What's driving the rate of STC creation? | RenewEconomy

What’s driving the rate of STC creation?

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The rate of creation of small-scale technology certificates has been over 1 million each week. But how sharply will creation rates fall after June 30?

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Recent STC price falls have been attributed to continued strong creation of certificates from PV. Over the past three weeks, STC creation has been over 1 million certificates each week. With the solar multiplier dropping from three to two on 1 July, we can expect that creation will remain around these levels until early July. What is difficult to determine though, is how sharply creation rates will fall after 30 June.

Before we try to answer that question, we need to analyse certificate creation by state, as we have in the Figure 1 below.

Figure 1: Weekly STC creation by state

This chart starkly demonstrates the impact that Queensland is having on creation levels, which has increased from 30% of total monthly creation at the end of 2011 to more than 40% for some weeks in May and June 2012. The surge in certificate creation in Queensland can be attributed to the feed-in tariff of 44 cents per kWh. This attractive feed-in rate combined with the impending multiplier reduction has resulted in ever increasing weekly creation rates. Other states have also seen an increase in weekly creation, especially over the past four weeks, but nowhere to the extent of Queensland.

We would expect that the majority of states will see a reduction in certificate creation after June – but what about Queensland which will continue to have an attractive feed-in tariff? In answering this question, South Australia’s experience could prove instructive. Up until the end of September 2011, South Australia had a feed-in tariff of 44 cents per kWh, which was reduced to 16 cents per kWh in October. South Australia’s monthly STC creation levels can be seen in Figure 2.

Figure 2: Monthly STC creation in South Australia

In viewing this chart it must be remembered that there is a time lag between the installation of a system (which is the determinant of the level of solar multiplier received and the rate of feed-in tariff) and the month in which the certificates are created. What this chart tells us is that after the solar multiplier reduced from five to three on 1 July 2011, certificate creation levels remained relatively strong. It was only after the feed-in tariff reduction on 1 October that a significant, sustained reduction in certificate creation was experienced. It should be noted that due to the notice period given for the reduction in the feed-in tariff, a rush to install systems was experienced in South Australia, similar to what we are seeing around the country in the lead up to 1 July when the multiplier reduces.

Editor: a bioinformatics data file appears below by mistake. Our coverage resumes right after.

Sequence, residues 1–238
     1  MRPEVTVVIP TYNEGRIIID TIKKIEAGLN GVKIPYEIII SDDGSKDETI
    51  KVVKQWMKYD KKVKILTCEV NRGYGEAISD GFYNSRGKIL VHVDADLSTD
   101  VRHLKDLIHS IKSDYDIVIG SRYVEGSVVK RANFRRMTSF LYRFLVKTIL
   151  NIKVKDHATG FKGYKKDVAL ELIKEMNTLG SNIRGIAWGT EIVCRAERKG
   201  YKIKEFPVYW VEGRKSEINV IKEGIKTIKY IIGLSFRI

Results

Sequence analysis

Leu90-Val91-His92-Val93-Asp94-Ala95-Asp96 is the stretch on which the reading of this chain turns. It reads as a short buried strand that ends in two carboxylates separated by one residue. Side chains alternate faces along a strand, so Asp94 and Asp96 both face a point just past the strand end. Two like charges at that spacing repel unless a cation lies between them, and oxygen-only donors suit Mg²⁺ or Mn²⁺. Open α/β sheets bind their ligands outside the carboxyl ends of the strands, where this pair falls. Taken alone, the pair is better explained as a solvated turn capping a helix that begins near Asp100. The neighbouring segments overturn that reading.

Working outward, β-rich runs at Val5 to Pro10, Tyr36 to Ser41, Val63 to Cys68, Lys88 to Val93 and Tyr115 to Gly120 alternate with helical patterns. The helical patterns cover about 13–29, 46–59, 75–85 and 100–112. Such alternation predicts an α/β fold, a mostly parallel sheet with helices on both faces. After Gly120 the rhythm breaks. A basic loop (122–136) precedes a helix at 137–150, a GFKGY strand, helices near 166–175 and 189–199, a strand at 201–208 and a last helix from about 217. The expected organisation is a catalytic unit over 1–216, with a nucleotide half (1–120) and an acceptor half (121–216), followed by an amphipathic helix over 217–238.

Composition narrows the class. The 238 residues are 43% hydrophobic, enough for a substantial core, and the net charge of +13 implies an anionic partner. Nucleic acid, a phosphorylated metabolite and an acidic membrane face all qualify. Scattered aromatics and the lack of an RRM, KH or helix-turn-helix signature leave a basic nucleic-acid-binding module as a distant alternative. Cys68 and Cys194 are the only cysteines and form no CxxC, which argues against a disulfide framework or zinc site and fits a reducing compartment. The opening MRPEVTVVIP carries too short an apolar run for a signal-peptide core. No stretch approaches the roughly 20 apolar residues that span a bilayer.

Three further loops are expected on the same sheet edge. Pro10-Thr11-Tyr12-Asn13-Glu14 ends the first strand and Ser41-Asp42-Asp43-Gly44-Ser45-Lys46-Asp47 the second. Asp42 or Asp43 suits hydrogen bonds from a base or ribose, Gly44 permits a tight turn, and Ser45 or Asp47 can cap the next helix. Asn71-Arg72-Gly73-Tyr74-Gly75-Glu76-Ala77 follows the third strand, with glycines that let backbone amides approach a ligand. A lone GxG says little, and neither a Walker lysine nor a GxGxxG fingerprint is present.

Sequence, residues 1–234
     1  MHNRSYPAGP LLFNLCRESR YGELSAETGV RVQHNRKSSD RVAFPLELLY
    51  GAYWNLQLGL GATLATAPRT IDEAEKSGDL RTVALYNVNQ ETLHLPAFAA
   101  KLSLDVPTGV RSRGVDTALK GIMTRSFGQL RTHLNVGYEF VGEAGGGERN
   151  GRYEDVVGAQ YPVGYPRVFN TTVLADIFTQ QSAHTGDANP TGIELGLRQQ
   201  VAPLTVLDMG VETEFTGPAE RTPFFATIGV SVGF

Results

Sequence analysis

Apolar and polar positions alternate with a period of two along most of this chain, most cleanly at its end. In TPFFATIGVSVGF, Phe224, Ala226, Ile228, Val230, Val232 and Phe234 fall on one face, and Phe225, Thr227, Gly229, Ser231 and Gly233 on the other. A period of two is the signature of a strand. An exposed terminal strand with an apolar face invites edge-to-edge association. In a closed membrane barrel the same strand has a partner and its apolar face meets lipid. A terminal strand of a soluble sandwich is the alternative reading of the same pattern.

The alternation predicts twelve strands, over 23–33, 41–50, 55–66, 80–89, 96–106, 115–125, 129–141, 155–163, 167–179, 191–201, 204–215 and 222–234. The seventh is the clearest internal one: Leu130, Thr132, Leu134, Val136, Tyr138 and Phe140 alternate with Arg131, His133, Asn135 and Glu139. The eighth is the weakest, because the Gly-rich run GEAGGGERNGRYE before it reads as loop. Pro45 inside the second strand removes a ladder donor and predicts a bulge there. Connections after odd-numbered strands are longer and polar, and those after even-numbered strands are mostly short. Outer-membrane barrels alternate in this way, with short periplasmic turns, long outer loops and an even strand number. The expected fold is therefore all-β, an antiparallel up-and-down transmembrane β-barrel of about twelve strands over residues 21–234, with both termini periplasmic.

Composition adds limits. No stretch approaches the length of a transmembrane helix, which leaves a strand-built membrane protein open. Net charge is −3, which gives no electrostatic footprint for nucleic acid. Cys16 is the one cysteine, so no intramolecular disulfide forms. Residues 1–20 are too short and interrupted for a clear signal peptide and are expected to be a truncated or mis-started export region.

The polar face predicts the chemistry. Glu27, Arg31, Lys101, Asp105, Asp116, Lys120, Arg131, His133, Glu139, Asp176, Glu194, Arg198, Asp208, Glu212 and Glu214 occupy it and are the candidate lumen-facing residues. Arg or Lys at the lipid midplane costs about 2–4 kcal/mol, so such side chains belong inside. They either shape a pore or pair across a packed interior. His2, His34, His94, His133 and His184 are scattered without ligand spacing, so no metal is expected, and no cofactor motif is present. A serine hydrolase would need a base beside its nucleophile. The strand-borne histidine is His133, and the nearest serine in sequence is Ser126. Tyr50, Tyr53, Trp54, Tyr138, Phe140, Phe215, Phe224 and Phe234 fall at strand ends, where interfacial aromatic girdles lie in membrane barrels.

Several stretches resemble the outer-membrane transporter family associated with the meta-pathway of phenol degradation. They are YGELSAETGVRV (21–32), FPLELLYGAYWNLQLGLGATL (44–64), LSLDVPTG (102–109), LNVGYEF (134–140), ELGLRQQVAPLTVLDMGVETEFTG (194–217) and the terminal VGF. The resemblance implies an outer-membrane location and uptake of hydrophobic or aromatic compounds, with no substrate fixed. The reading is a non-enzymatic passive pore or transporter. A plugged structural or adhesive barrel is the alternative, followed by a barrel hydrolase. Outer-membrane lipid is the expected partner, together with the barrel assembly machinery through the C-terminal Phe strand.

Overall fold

South Australia demonstrates that while the upfront benefits of the higher multiplier are well understood, PV system owners are also well aware of the longer term benefits that a generous feed-in tariff can provide and are willing to make a greater outlay (compared to what would have been required in previous months) in order to secure a feed-in tariff. Assuming the Queensland feed-in tariff remains unchanged, we would expect to see reasonably strong certificate creation in Queensland after June.

This article was originally published on the Green Energy Trading blog. Reproduced with permission.

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  1. David Rossiter 8 years ago

    Good paper Ric. But life is not quite so bad as it might appear perhaps feed in tariffs diminishing is not the only part of the PV STC story.

    Three other issues should also be driving rates of installation of solar PV systems.

    Firstly the substantial fall in costs for PV components in recent years due to better manufacturing methods and increased worldwide demand leading to economies of scale. Costs have dropped to less than third in the last five years – some would say substantially more….

    Secondly the large increases in retail electricity prices we have seen in recent years mostly due to network costs. (NSW electricity costs have risen from 16c/kWh to 37c/kWh in the last five years – of which about 2c only is due to carbon pricing.)

    Thirdly the changing demographic as the baby boomers start retiring, collecting their super as they go past go and wonder how they can best utilise capital to reduce their future living costs in an investment environment where shares are dropping in price and interest rates are low. PV has crossed many minds as a good investment for retirement.

    So what will happen after July 1 to solar PV.

    I suspect now that it is a mainstream technology PV installation rates won’t die. There will be a dawning that electricity is more expensive, PV systems are cheaper and easily installed and actually they make sense as an investment.

    A PV system that had a simple payback of 44 years when it was installed five years ago – if it were installed now has a payback of about six years. In other words PV was not an investment then but it is now!

  2. Dan 8 years ago

    Is there a direct relationship between STCs and MW of PV installed?

    Is there a source that regularly publishes monthly installation data for PV?

    Where do you get your STC stats?

    Thanks for any help.

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